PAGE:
Wild rice buyer and sellers

Wild rice buyer and sellers

Two Ojibwe youths sell bags of wild rice to a buyer on the Leech Lake Reservation of Ojibwe. Photograph by Bill Burnson, ca. 1970.

Wild rice harvest on Mud Lake

Citizens of the Leech Lake Band of Ojibwe harvest rice on Mud Lake, located on the Leech River, seventeen miles downstream of Leech Lake Dam, on September 3, 2015. USACE photo by George Stringham. Public domain.

Tying wild rice stalks

Tying wild rice stalks

An Ojibwe woman ties together stalks of wild rice with basswood fiber to prepare them for harvest. Photograph by Frances Densmore, ca. 1930s. From Reserve Album 96, page 27.

Wild Rice and the Ojibwe

Wild rice is a food of great historical, spiritual, and cultural importance for the Ojibwe people. After colonization disrupted their traditional food system, however, they could no longer depend on stores of wild rice for food all year round. In the late 1950s and early 1960s, this traditional staple was appropriated by white entrepreneurs and marketed as a gourmet commodity. Native and non-Native people alike began to harvest rice to sell it for cash, threatening the health of the natural stands of the crop. This lucrative market paved the way for domestication of the plant, and farmers began cultivating it in paddies in the late 1960s. In the twenty-first century, many Ojibwe and other Native people are fighting to sustain the hand-harvested wild rice tradition and to protect wild rice beds.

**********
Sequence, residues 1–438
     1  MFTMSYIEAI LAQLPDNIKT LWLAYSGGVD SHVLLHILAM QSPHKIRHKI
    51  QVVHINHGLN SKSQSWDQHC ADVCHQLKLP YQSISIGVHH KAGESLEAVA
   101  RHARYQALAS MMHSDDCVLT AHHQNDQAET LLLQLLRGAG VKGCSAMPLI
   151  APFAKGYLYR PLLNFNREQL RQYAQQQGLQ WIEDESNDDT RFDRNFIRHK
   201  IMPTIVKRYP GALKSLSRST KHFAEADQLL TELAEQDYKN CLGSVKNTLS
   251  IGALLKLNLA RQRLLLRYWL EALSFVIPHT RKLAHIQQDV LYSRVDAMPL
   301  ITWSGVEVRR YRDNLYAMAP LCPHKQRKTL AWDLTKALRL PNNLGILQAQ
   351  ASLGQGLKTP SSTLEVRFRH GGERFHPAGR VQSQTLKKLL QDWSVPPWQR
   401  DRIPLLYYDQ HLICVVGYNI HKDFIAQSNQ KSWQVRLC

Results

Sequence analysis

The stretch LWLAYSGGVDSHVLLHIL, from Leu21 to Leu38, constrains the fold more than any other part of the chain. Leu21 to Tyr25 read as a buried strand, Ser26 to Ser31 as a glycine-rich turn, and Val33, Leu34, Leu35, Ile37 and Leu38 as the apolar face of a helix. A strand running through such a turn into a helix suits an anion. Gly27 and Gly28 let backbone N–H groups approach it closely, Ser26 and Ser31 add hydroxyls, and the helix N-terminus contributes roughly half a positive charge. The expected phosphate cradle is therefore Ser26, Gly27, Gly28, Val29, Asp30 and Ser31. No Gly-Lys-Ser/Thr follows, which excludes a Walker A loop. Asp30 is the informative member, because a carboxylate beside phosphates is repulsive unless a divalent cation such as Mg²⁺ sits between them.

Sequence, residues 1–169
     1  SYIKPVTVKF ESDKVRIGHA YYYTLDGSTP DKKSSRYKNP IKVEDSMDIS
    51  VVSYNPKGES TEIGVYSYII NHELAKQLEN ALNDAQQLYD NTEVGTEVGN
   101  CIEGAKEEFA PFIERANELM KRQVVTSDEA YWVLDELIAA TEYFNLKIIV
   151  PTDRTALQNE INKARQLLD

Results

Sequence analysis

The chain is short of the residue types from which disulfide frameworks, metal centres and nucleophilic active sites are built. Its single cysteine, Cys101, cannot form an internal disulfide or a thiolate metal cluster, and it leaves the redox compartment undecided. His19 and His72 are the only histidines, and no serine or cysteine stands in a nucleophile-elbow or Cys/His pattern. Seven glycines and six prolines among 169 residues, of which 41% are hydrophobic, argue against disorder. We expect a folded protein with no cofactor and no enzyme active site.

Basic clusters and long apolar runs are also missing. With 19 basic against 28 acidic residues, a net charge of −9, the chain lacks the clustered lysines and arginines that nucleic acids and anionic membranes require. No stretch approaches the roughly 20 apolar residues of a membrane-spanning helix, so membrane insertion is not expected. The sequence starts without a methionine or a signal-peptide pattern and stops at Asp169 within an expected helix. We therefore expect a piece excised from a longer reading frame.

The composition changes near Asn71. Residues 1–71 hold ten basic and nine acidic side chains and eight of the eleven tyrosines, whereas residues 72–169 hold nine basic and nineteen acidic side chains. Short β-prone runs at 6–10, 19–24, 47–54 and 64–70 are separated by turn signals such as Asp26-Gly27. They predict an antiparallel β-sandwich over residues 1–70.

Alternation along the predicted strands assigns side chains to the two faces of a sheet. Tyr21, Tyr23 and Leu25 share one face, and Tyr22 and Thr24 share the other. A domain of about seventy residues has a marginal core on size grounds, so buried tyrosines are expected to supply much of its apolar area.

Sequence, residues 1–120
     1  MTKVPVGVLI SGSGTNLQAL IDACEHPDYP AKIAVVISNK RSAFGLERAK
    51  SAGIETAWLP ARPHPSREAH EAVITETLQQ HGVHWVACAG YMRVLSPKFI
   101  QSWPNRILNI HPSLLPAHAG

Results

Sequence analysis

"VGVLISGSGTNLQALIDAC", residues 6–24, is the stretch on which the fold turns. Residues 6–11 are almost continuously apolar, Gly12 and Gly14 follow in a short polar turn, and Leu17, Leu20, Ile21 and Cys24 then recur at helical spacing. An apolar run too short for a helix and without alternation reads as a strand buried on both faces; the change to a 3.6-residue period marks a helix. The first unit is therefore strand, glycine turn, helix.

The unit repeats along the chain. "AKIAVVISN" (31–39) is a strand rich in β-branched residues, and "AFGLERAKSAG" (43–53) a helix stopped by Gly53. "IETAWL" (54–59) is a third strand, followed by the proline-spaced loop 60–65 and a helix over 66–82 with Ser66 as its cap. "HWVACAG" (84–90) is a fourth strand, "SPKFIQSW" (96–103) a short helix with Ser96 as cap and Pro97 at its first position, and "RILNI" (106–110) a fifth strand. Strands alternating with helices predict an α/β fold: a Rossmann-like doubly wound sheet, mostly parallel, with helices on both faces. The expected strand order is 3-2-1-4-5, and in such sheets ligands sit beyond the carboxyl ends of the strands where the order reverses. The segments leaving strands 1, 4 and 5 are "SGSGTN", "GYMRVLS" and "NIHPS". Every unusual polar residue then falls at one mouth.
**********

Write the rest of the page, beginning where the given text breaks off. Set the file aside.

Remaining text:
Manoomin (wild rice) from Mille Lacs

Manoomin (wild rice) from Mille Lacs

Manoomin (wild rice) sold at Mille Lacs Indian Museum. Packed in 2004 by Manoomin, Inc., of McGregor, Minnesota, a company owned by members of the Mille Lacs Band of Ojibwe.

Ricing sticks (bawa'iganaakoog)

Bawa'iganaakoog (ricing sticks)

Pair of bawa'iganaakoog (ricing sticks or knockers) wrapped with cloth tape. Made and used by Robert Gawboy Jr. (Bois Forte Band of Chippewa) between 1940 and 1960.

Ojibwe birchbark winnowing basket

Ojibwe birchbark winnowing basket

Ojibwe birchbark winnowing basket, created not later than 1930. Used at Grand Portage Indian Reservation.

Mortar and pestle for threshing wild rice

Mortar and pestle for threshing wild rice

Mortar and pestle used by Ojibwe people for threshing wild rice. The long pestle (A) is made from a roughly carved piece of wood. The mortar (B) is a cedar slat bucket with a round log slab base. Because the support hoops are not attached, the mortar disassembles easily for storage. Forms part of the Jeannette O. and Harry D. Ayer Ojibwe Collection.

Parching wild rice at Nett Lake

Women parching wild rice at Nett Lake

Ojibwe women parching wild rice at Nett Lake Indian Reservation, ca. 1947. Photograph by Monroe P. Killy.

Parched wild rice

Parched wild rice

Parched wild rice at Nett Lake. Photograph by Monroe P. Killy, September 6, 1947.

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